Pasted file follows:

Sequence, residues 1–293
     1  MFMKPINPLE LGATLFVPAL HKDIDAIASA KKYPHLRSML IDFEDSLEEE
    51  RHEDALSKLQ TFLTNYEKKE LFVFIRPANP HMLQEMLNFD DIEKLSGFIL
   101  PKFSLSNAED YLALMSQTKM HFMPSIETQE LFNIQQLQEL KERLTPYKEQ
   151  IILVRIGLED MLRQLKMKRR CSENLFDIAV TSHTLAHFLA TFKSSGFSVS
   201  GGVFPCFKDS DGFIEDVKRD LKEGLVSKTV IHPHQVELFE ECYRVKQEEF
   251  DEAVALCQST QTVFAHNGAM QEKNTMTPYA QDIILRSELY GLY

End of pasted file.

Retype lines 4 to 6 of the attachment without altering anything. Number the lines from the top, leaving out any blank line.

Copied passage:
   101  PKFSLSNAED YLALMSQTKM HFMPSIETQE LFNIQQLQEL KERLTPYKEQ
   151  IILVRIGLED MLRQLKMKRR CSENLFDIAV TSHTLAHFLA TFKSSGFSVS
   201  GGVFPCFKDS DGFIEDVKRD LKEGLVSKTV IHPHQVELFE ECYRVKQEEF